Worse still, a closer look at Louisville's wranglings with the NCAA shows a system of cronyism and conflicts of interest:
•The finding that the hotel room violations were secondary was presented on Aug. 9,1998, by Rich Hilliard, the NCAA's director of enforcement. Later that month Hilliard resigned and accepted a position with Glazier's Overland Park, Kans., law firm. (He says that his job change was prompted by the NCAA's pending relocation from Overland Park to Indianapolis, that he contacted Glazier about a job only after he had submitted his finding to the NCAA and that he has had nothing to do with the Louisville matter since joining the firm. The timing of his move, however, suggests that he was contemplating a job shift to the firm that represented Louisville even as he recommended a slap on the Cards' wrist)
•Mike Slive, the chairman of the appeals committee, is the commissioner of Conference USA, of which Louisville is a member. Though Slive recused himself from the case, he advised Louisville about its strategy.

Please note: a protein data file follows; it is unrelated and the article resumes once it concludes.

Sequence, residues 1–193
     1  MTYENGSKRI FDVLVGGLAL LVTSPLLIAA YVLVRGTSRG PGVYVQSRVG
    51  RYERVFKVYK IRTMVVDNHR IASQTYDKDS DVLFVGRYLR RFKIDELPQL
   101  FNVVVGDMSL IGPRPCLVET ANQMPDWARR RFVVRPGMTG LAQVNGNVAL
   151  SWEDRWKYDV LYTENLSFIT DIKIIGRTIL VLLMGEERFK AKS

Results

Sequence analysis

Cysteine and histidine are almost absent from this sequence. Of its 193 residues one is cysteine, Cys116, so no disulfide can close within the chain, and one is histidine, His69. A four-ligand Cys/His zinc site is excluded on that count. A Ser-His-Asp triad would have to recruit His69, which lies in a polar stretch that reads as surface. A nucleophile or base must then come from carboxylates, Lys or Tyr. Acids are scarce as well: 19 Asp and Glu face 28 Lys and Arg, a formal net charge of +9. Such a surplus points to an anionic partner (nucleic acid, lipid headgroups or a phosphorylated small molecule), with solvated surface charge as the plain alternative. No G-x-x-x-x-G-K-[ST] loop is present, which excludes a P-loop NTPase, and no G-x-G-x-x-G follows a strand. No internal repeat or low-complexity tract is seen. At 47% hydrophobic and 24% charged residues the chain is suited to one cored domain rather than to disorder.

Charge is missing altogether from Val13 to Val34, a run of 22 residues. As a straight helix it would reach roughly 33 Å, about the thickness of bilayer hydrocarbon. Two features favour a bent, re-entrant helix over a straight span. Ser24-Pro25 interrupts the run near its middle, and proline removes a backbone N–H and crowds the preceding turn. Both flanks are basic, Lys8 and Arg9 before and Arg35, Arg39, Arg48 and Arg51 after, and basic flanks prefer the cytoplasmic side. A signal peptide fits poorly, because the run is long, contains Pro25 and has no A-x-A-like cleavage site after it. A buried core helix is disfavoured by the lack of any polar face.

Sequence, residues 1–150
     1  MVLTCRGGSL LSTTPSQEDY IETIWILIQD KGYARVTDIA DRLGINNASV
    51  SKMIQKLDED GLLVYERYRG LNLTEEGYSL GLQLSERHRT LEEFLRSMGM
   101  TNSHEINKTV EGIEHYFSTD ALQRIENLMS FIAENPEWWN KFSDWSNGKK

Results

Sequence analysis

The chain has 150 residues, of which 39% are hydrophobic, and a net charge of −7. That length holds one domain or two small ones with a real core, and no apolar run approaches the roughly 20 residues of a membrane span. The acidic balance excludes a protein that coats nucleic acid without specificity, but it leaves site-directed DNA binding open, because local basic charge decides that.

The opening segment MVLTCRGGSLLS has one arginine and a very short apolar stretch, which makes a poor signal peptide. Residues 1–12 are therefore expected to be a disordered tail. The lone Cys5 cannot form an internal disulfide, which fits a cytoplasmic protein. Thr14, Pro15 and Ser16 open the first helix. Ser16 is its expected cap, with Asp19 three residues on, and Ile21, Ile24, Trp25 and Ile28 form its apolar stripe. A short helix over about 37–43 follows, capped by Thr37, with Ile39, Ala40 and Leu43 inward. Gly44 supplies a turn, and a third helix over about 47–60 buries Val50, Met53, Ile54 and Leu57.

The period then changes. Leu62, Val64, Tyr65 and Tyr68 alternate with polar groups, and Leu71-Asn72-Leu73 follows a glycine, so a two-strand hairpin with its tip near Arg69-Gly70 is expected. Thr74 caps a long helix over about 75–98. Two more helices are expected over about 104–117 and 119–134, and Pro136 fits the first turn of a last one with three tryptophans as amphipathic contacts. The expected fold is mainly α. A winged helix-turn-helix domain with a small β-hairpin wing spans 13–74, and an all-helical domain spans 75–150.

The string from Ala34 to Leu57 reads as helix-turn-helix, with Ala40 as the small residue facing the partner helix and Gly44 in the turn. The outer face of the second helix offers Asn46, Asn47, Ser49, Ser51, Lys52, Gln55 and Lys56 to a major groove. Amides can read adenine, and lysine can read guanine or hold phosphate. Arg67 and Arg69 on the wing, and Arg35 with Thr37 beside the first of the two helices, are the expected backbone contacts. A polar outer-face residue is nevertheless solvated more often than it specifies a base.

•Slive is also the former senior partner in the defunct Slive-Glazier Sports Group, which specialized in representing colleges and universities in trouble with the NCAA This, of course, means that whenever Glazier faces the appeals committee, he is arguing before his former partner.
Why did the infractions committee agree to let the appeals committee make the final ruling on the case? (The NCAA acknowledges that the usual procedure in such instances is to remand the matter to the infractions committee for rehearing.) Explains David Swank, the infractions committee chair, "There were serious findings against Louisville, that's true, but if we had reheard the case, the earliest postseason penalty wouldn't have gone into effect until 2000. We didn't think that it was fair to penalize [next year's] players for violations that occurred before they got there."
The lesson in all this, it seems? Hire high-priced legal help and drag out the process until the NCAA gives up.
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